Featured Product
This Week in Quality Digest Live
Quality Insider Features
Richard Harpster
Good news? You are probably already doing it.
Adam Zewe
Researchers find the root cause of side-channel attacks that are easy to implement but difficult to detect
Constance Noonan Hadley
The time has come to check whether the benefits of teamwork still outweigh the costs
Lily Chen
The cornerstone of cybersecurity
Jeremy L. Boerger
To keep your business running, you need visibility into your IT assets

More Features

Quality Insider News
New standard leads to smoother production in 3D printing
Making designs a physical reality with the know-how to make more
Sapphire XC will ship in late Q3 beginning with aerospace companies
Major ERP projects take six months longer than companies were told
Program inspires leaders to consider systems perspective for continuous improvement and innovation
Collaboration produces online software for collecting quality inspection data
Serving the needs of employers and educators
Powder reuse schemes affect medical device performance

More News

Quality Digest

Quality Insider

New Standard to Help Diagnose Heart Attacks

Published: Sunday, May 23, 2004 - 22:00

Diagnosing heart attacks may become an even more precise science with the advent of the first of a series of new clinical standards issued by the National Institute of Standards and Technology.

Standard Reference Material 2921--human cardiac troponin complex--is intended to help manufacturers develop and calibrate assays that measure specific protein concentrations in patient blood samples to determine whether a heart attack has occurred.

The SRM is a solution containing certified concentrations of three related proteins including cardiac troponin I, purified from human heart tissue from cadavers. Users can calibrate their assays by analyzing the SRM and comparing the results to the NIST-certified value for troponin I. The standard is expected to help reduce variations in clinical test results from as much as 50-fold on the same sample to twofold. "It’s a big first step toward getting the system under control," says Michael Welch, leader of the NIST development team.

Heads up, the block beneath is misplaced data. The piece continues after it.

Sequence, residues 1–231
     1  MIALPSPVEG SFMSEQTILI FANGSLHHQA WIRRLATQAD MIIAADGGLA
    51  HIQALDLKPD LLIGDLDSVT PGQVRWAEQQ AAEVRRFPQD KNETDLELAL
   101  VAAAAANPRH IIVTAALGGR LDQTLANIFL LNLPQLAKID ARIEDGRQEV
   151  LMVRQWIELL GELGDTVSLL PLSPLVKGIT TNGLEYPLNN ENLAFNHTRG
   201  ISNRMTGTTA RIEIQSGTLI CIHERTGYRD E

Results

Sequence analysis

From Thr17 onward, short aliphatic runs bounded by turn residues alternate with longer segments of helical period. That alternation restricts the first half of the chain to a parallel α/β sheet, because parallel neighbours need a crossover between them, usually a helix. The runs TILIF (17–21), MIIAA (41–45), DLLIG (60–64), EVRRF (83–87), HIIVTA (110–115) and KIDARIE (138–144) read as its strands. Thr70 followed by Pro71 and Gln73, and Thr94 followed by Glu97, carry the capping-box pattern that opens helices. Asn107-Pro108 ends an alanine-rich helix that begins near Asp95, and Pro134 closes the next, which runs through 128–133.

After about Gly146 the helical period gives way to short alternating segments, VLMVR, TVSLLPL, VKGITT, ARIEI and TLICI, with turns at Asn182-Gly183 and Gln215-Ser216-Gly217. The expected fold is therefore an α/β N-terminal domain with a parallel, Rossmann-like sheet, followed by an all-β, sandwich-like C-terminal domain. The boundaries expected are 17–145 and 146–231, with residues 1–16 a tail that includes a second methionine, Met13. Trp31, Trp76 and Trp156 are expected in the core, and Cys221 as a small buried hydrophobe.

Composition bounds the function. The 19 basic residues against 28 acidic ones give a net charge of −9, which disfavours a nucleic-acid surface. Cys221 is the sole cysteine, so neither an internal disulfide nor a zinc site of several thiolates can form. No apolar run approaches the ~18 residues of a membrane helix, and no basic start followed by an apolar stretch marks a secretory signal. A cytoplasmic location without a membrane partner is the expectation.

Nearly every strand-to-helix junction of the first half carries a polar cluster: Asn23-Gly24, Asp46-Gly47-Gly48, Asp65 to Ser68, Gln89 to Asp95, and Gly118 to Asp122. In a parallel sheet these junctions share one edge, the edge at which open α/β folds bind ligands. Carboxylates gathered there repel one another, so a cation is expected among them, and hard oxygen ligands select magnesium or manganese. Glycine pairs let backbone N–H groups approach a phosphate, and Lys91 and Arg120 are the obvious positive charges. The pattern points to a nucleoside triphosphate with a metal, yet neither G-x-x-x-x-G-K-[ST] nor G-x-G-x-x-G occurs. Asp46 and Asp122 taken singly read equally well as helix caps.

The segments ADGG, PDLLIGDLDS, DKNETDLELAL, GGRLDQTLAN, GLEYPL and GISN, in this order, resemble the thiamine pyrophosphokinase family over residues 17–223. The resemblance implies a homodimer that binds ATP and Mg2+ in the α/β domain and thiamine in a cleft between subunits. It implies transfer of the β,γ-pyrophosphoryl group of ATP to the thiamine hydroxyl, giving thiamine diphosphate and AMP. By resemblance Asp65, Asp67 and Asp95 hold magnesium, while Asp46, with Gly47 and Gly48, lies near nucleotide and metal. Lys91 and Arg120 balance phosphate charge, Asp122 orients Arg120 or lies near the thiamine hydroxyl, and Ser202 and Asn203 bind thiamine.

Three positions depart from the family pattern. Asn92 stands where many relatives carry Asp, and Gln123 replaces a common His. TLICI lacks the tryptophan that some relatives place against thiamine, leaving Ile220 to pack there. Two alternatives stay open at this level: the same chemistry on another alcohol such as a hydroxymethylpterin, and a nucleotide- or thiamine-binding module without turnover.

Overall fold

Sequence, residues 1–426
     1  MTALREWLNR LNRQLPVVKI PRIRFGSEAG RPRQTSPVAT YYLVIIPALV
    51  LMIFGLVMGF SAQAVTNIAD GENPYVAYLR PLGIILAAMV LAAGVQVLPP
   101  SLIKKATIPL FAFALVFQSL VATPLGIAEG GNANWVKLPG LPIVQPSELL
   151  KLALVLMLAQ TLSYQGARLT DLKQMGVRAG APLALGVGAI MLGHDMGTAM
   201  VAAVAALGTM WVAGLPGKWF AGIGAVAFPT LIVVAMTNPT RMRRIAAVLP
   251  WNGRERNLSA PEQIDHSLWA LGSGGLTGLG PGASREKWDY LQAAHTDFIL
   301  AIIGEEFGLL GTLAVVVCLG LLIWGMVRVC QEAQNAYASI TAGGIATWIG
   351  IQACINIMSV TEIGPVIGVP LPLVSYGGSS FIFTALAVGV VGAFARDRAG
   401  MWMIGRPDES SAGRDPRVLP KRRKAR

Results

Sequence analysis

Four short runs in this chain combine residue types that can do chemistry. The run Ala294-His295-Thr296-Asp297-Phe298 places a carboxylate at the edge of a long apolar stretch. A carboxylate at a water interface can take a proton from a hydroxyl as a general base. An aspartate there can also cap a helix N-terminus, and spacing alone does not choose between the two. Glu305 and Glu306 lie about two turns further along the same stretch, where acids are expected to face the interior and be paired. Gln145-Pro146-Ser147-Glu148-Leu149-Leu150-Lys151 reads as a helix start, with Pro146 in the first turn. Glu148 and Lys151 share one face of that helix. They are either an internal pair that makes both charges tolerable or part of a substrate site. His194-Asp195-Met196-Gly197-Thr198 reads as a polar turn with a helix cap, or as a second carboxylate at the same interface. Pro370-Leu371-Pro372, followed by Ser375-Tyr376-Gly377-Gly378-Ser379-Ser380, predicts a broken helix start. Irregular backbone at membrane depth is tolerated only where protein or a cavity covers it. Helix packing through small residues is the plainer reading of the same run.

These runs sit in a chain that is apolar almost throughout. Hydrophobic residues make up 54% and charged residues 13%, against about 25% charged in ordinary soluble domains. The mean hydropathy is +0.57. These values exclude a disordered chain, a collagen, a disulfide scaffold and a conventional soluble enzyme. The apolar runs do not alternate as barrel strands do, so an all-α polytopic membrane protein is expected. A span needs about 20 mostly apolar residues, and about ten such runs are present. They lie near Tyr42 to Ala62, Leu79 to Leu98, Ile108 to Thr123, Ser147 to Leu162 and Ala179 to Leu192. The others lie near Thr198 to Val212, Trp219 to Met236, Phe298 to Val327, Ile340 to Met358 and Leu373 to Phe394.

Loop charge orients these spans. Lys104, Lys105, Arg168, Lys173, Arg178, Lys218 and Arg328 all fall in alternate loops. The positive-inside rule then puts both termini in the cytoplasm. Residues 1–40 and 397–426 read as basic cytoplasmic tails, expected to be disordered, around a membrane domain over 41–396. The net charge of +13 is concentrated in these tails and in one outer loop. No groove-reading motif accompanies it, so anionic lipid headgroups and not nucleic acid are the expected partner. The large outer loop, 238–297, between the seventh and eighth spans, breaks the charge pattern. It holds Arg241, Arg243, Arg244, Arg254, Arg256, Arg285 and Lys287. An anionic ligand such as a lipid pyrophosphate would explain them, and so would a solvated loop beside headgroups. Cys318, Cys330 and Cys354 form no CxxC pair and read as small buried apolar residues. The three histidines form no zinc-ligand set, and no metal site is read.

Although NIST already produces more than 60 SRMs for the clinical diagnostics community, this is the first designed to help measure concentrations of large, protein-based health status markers. Troponin I is difficult to measure because it can exist in low concentrations and in different chemical forms, sometimes attached to other related proteins. NIST is developing additional standards and methods for measuring other health-status indicators of this type, including hormones used to assess thyroid function and other markers for heart attack risk.

SRM 2921 is intended to help U.S. makers of in vitro diagnostic medical devices sell their products in Europe. A European Union directive requires that such devices be calibrated with standards that are traceable to internationally recognized certified reference materials or procedures. SRM 2921 has been nominated for inclusion on the international list of higher-order reference materials. The list currently contains approximately 150 entries for 96 health status markers; NIST SRMs provide traceability for 72 of these.

For more information, click here.

Discuss

About The Author

Quality Digest’s picture

Quality Digest

For 40 years Quality Digest has been the go-to source for all things quality. Our newsletter, Quality Digest, shares expert commentary and relevant industry resources to assist our readers in their quest for continuous improvement. Our website includes every column and article from the newsletter since May 2009 as well as back issues of Quality Digest magazine to August 1995. We are committed to promoting a view wherein quality is not a niche, but an integral part of every phase of manufacturing and services.